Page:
IMF logo
The International Monetary Fund logo is seen at IMF headquarters in Washington, April 18, 2013. REUTERS/YURI GRIPAS

International Monetary Fund Managing Director Christine Lagarde denied on Sunday that IMF staff would push Greece closer to default as a negotiating tactic on a new Greek bailout deal, which she said was "still a good distance away."

Lagarde said in a letter to Greece's prime minister that the debt talks should continue despite damage from reports of a leaked transcript suggesting that IMF staff may threaten to leave the bailout to force European lenders to offer more debt relief.

"Any speculation that IMF staff would consider using a credit event as a negotiating tactic is simply nonsense," Lagarde wrote to Greek Prime Minister Alexis Tsipras.

"My view of the ongoing negotiations is that we are still a good distance away from having a coherent program that I can present to our Executive Board," Lagarde wrote, adding that such a deal must put Greece on a path of robust growth and gradually restore debt sustainability.

Tsipras' office said on Sunday that he had demanded that Lagarde clarify the IMF's stance after Internet whistleblowing site WikiLeaks published what it said was the transcript of a March 19 conference call of three senior IMF officials.

The officials were discussing tactics to apply pressure on Greece, Germany and the EU to reach a deal in April. They were quoted as discussing a threat that the fund might not participate in Greece's third bailout program as a way to force EU creditors, especially Germany, to reach a deal on debt relief before Britain's June referendum on whether to stay in the European Union.

EU/IMF lenders are due to resume talks on Greece's fiscal and reform progress in Athens on Monday, aiming to conclude a bailout review that will unlock further loans and pave the way for negotiations on long-desired debt restructuring.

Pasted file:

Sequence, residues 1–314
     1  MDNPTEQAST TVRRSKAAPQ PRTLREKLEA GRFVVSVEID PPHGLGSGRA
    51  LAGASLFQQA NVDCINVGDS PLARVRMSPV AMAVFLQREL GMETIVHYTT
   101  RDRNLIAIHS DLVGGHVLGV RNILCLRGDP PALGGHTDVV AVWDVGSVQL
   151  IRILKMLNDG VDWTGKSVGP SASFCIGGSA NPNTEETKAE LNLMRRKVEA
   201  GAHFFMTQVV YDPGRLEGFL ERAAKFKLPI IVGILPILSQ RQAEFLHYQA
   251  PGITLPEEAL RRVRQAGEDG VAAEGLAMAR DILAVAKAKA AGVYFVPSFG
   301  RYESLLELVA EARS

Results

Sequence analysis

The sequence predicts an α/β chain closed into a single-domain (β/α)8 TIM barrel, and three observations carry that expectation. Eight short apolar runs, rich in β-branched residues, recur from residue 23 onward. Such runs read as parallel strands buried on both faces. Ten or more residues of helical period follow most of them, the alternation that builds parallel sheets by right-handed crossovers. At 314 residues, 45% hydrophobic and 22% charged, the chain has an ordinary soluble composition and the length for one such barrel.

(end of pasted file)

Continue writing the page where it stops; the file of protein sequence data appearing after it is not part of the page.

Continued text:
The review has been adjourned twice since January due to a rift among the lenders over the estimated size of Greece's fiscal gap by 2018, as well as disagreements with Athens on pension reforms and the management of bad loans.

The Greek government interpreted the leak as revealing an IMF effort to blackmail Athens with a possible credit event to force it to give in on pension cuts, which it has rejected.

In his letter to Lagarde, Tsipras "expressed his concern about the credibility of the negotiations after the leaks," an official at his office told Reuters.

Lagarde said in her response that "the IMF conducts its negotiations in good faith, not by way of threats, and we do not communicate through leaks."

She reiterated her view that if fiscal surplus targets were lowered for Greece, then more debt relief would be needed.

German government and finance ministry representatives declined to comment on the leaked transcript.

Germany has in the past said the IMF is an important player in the Greek rescue but it does not support the debt relief demanded by the IMF. Some German officials also say they believe there are different views on Greece within the IMF.

German Chancellor Angela Merkel is due to meet Lagarde in Berlin on Tuesday.